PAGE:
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The Party of Cain

Posted: 12/07/11 11:20 AM ET

Herman, we hardly knew ye.

But, then, neither did the Republican voters who flocked to you several weeks ago. Herman Cain has two qualifications that were enough to make him the frontrunner for his party's nomination, and both are to be found in his surname: It is not Romney, and it is Cain.

Now that Republican family values voters have again demonstrated their political infidelity by deserting a man recently accused as a serial practitioner of marital infidelity to embrace a man long notorious as a serial marital infidel and Herman Cain's brief affair with the Republican base has been suspended, let us think about how metaphorically appropriate it was that he rose to the top of the Republican presidential field.

Cain has left his mark on the party -- or, rather, his party already bore his mark before it recognized him as its potential standard-bearer.

Consider where the party's values are these days.

When Herman Cain declared in early October, "Don't blame Wall Street, don't blame the big banks, if you don't have a job and you're not rich, blame yourself!" Republicans cheered mightily. The party's new frontrunner, Newt Gingrich, has contributed this advice to the Occupy movement: "Go get a job right after you take a bath."

Then, terming child labor laws "truly stupid" and saying that children as young as 9 should be put to work, Gingrich in essence called for transforming 21st Century America into a facsimile of the 19th Century London of which Charles Dickens wrote.

It is easy to imagine Gingrich reprising Ebenezer Scrooge: "Are there no prisons? And the Union workhouses? Are they still in operation? If they would rather die, they had better do it and decrease the surplus population." Surely these would be applause lines at Republican debates, where letting an uninsured patient die has already drawn cheers of approval.

Remember when the Republicans were the Party of Lincoln? They still merited that label during the early 1960s. Surprising though it seems today, in 1964 80 percent of Republicans in both the House and Senate voted in favor of the Civil Rights Act. That may be surprising; this seems incredible: In 1965, 51 percent of House Republicans and 43 percent of the party's senators voted for the bill creating Medicare and Medicaid.

Now, though, the party is unified in support of the proposition that the primary purpose of health insurance is not to provide healthcare and financial protection to people who are stricken by illness, but to maximize profits for insurance companies.

And what would be the reaction of most Republicans today to the following statement:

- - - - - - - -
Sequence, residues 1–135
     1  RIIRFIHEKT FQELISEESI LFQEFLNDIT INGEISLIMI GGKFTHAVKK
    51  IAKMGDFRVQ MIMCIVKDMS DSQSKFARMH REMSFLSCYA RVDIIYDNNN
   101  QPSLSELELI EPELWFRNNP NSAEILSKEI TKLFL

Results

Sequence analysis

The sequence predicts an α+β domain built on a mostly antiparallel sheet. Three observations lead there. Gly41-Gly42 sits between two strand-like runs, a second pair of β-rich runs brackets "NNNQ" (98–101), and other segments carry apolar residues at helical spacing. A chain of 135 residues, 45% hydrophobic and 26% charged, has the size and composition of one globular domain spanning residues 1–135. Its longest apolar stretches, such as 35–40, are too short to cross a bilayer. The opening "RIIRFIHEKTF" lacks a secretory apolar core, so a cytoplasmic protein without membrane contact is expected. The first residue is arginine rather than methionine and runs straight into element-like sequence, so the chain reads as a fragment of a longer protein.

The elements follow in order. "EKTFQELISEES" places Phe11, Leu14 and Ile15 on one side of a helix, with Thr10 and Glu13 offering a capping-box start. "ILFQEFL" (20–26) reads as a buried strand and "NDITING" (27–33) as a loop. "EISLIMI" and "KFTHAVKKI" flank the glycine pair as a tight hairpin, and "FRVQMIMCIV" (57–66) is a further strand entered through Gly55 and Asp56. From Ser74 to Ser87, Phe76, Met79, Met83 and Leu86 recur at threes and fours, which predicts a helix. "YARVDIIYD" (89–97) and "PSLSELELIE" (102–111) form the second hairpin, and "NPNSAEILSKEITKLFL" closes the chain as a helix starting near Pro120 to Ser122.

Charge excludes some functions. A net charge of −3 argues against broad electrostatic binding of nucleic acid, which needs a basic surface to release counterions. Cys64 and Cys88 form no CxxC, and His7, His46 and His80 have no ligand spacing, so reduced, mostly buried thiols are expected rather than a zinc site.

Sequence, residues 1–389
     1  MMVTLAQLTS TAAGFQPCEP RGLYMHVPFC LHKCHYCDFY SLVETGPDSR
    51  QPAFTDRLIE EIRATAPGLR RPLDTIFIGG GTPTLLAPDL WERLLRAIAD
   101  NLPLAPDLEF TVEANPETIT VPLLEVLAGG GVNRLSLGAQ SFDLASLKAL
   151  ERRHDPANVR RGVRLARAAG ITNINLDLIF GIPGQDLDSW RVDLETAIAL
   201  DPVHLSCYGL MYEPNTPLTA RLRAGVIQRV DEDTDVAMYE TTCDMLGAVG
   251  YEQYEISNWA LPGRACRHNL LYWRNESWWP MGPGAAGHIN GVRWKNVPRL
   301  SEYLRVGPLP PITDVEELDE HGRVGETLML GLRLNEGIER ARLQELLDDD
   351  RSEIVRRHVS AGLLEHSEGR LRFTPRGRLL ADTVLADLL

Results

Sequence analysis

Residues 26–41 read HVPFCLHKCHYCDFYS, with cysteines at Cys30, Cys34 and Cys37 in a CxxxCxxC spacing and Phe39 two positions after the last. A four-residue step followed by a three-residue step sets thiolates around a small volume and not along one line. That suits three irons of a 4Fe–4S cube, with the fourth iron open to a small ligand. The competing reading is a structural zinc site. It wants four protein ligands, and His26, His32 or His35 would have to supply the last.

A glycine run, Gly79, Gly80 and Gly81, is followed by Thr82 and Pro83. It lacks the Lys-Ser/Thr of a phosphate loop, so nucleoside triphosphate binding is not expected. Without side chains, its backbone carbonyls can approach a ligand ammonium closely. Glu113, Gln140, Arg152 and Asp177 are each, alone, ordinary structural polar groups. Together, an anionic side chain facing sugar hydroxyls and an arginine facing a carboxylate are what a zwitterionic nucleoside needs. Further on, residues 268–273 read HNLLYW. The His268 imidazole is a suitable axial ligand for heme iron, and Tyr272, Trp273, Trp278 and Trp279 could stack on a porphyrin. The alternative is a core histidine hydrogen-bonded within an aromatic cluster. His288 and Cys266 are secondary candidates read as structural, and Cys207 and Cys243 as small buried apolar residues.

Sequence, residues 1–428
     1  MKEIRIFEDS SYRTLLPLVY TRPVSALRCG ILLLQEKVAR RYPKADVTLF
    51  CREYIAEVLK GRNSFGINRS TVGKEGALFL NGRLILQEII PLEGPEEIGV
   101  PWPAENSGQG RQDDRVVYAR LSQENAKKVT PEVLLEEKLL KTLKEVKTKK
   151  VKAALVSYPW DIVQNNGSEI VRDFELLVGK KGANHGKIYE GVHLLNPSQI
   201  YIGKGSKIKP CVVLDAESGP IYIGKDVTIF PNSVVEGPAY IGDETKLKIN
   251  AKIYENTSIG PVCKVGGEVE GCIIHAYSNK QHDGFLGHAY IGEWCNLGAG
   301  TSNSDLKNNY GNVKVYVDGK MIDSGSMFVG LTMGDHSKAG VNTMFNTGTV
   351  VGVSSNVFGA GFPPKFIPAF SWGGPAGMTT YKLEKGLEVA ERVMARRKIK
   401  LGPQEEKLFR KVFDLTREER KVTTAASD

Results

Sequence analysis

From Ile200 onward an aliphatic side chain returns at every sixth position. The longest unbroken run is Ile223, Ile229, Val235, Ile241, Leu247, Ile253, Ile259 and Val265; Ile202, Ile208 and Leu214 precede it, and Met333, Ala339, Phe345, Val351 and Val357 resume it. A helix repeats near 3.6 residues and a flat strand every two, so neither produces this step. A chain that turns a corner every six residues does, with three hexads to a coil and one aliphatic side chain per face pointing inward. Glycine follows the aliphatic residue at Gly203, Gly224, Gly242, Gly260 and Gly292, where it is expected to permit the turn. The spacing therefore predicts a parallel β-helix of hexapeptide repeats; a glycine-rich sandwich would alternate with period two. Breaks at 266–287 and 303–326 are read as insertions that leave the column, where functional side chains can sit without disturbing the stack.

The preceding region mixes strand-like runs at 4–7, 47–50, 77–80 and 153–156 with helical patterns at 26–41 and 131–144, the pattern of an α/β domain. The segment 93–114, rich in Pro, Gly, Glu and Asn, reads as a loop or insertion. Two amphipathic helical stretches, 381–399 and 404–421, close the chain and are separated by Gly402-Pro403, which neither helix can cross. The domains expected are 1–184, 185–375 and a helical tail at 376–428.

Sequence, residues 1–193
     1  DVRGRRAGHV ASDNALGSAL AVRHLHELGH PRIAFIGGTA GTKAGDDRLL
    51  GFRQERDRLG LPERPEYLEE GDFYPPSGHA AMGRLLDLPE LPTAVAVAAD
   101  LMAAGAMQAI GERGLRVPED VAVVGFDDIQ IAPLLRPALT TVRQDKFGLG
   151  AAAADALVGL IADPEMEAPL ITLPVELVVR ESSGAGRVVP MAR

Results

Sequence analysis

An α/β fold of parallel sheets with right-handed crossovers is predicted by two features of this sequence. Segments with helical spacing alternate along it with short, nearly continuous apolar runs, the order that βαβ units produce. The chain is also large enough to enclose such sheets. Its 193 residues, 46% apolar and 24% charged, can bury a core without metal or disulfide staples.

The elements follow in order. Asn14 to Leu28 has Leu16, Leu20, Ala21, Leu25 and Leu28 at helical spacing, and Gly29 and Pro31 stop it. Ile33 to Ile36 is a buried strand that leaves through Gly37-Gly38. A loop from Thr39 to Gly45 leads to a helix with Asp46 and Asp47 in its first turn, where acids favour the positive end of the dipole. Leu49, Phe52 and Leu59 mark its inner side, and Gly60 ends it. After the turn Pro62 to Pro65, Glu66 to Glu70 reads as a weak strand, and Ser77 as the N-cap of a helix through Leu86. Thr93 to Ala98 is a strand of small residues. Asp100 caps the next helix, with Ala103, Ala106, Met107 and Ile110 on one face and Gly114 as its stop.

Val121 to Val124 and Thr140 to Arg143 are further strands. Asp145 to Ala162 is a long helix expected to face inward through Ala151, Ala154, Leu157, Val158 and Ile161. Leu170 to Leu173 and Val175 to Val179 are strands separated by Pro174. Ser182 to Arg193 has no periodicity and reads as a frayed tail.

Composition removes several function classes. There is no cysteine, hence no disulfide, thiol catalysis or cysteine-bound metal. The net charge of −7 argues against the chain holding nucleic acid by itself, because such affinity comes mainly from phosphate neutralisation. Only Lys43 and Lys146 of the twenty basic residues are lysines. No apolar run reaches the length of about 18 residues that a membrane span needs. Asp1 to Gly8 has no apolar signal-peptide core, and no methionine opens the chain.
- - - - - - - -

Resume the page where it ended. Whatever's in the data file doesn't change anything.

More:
"Capital is only the fruit of labor, and could never have existed if labor had not first existed. Labor is the superior of capital, and deserves much the higher consideration."

"Socialism!" most Republicans would certainly yell at this declaration. It is from Abraham Lincoln's first annual message to Congress in 1861.

Plainly the Grand Old Party is no longer the Party of Lincoln. Whose party, then, is it today?

Many of its members claim that it is the Party of Christianity.

Here, though, is a brief statement of the social policy of conservative Republican "Christians" today:

Give the hungry no food and the thirsty no drink.
Do not welcome strangers.
Do not clothe the naked.
Do not minister to the sick or visit those in prison.

A fair summary of the attitude of the Republicans who most loudly proclaim themselves to be Christians toward "the least of these" would be: "Let them die and decrease the surplus population."

So the "Party of Scrooge" would be an accurate name for what is so clearly no-longer the Party of Lincoln.

But there is more appropriate name for this new Republican Party.

It is, of course, mere coincidence that the surname of the Republican Party's 2008 presidential nominee means "Son of Cain" and that the man who for a time this fall surged into the lead for the GOP's 2012 presidential nomination has the surname Cain.

Coincidental though it is, this Republican infatuation with men named Cain is an apt metaphor for what the erstwhile Party of Lincoln has now become.

The infamous words of the biblical Cain, after all, could readily serve as the slogan of today's Republican Party: "Am I my brother's keeper?" Their answer is identical with that implicit in the rhetorical question posed by Abel's killer. With a resounding unanimity Republicans respond: "Hell, No!"

Many Republicans denounce the evolutionary science of the man born on the same date as Lincoln, Charles Darwin, but believe wholeheartedly in the antisocial doctrine mislabeled social Darwinism.

The Party of Lincoln has become the Party of Cain.

The Republican elephant has become the Mark of Cain.


Robert S. McElvaine is Elizabeth Chisholm professor of arts & letters and Professor of History at Millsaps College, in Jackson, Miss. His books include The Great Depression: America, 1929-1941. He is now writing "Oh, Freedom! -- The Young ' 60s."

 
 
 

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